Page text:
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The New Testament lays down the general principles of good government, but contains no code of laws for the punishment of offenders. Punishment proceeds on the principle that there is an eternal distinction between right and wrong, and that this distinction must be maintained for its own sake. It is not primarily intended for the reformation of criminals, nor for the purpose of deterring others from sin. These results may be gained, but crime in itself demands punishment. (See MURDER ØT0002621; THEFT.) Endless, of the impenitent and unbelieving. The rejection of this doctrine "cuts the ground from under the gospel...blots out the attribute of retributive justice; transmutes sin into misfortune instead of guilt; turns all suffering into chastisement; converts the piacular work of Christ into moral influence...The attempt to retain the evangelical theology in connection with it is futile" (Shedd).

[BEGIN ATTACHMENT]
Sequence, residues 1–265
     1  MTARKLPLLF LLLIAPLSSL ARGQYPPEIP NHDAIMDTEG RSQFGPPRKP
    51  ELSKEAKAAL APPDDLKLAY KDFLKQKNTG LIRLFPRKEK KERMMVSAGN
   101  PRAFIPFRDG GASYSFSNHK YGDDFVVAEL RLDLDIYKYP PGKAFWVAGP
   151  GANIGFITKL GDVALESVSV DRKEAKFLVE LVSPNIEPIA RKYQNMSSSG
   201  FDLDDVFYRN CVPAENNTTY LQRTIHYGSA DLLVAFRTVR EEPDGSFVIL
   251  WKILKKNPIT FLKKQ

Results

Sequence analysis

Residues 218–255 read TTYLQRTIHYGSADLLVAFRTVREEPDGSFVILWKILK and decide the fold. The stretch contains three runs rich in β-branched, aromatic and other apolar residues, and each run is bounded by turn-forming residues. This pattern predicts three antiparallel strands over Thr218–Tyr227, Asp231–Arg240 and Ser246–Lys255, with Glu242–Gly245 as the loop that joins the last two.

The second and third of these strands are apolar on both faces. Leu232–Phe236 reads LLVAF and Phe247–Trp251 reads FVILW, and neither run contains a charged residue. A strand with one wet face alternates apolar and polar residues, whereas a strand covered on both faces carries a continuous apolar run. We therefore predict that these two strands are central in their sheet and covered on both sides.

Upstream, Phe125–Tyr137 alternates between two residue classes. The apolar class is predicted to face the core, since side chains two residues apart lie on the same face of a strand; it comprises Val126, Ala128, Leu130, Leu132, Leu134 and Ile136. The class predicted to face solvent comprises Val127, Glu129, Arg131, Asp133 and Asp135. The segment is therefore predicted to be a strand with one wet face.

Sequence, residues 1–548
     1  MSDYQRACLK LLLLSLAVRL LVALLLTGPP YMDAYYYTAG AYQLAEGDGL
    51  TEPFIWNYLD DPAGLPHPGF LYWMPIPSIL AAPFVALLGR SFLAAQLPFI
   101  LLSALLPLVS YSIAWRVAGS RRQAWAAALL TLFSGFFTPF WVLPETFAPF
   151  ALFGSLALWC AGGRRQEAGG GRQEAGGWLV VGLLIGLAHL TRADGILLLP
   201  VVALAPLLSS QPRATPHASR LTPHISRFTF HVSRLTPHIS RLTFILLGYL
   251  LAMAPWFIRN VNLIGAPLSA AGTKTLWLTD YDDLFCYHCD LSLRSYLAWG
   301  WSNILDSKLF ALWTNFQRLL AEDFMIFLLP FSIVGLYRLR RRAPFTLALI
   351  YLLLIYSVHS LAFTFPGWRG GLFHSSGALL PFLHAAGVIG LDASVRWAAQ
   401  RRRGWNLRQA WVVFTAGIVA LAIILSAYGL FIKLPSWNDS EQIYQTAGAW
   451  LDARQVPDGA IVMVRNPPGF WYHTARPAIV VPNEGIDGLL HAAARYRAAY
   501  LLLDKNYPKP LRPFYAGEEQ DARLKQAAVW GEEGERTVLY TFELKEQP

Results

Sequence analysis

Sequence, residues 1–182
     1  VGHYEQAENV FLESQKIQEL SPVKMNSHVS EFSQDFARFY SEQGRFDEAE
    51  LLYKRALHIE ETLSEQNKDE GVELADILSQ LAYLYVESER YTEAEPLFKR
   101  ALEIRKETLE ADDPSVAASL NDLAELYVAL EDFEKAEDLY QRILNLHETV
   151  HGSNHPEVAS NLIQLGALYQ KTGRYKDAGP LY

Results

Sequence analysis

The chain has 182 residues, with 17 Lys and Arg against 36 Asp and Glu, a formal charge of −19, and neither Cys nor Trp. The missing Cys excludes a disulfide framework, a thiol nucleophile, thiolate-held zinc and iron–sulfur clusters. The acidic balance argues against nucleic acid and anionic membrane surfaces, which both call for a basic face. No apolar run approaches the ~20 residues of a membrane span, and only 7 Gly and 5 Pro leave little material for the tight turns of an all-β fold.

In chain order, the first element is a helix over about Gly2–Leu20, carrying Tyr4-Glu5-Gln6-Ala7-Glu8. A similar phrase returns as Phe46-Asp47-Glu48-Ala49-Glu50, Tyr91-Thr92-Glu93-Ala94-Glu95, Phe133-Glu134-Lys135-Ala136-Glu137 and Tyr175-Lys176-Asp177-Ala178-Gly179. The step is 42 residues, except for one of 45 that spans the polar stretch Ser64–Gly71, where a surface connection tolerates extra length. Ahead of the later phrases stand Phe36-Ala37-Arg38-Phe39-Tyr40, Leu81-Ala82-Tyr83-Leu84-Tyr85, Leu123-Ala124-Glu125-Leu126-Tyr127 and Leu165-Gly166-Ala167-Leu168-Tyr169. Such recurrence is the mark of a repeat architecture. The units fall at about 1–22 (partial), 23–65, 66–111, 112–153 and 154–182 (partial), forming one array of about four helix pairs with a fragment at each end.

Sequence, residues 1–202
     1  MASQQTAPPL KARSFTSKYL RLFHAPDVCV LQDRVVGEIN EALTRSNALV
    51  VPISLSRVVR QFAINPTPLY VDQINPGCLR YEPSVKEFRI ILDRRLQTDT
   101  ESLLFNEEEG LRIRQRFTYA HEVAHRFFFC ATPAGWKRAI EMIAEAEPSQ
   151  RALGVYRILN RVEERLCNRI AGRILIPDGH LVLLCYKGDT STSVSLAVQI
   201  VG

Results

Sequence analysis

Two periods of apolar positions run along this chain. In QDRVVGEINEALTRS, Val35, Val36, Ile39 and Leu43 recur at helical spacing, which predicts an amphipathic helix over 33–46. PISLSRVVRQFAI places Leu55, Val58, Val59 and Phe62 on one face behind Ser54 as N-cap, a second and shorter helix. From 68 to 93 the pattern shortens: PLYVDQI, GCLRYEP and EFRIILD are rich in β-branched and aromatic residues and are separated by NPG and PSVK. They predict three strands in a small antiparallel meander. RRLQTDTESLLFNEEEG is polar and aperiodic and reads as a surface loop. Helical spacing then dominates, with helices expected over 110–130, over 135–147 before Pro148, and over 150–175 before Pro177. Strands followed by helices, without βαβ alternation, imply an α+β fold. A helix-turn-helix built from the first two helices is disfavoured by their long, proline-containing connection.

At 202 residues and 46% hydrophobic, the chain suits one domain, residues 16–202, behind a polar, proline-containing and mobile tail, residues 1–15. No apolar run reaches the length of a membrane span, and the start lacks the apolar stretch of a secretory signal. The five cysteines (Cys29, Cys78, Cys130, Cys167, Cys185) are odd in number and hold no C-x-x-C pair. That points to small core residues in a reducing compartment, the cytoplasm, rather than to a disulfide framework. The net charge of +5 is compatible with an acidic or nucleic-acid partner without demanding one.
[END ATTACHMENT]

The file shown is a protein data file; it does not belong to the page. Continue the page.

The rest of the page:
the infliction of some kind of pain or loss upon a person for a misdeed (i.e., the transgression of a law or command). Punishment may take forms ranging from capital punishment, flogging, forced labour, and mutilation of the body to imprisonment and fines. Deferred punishments consist of penalties that are imposed only if an offense is repeated within a specified time.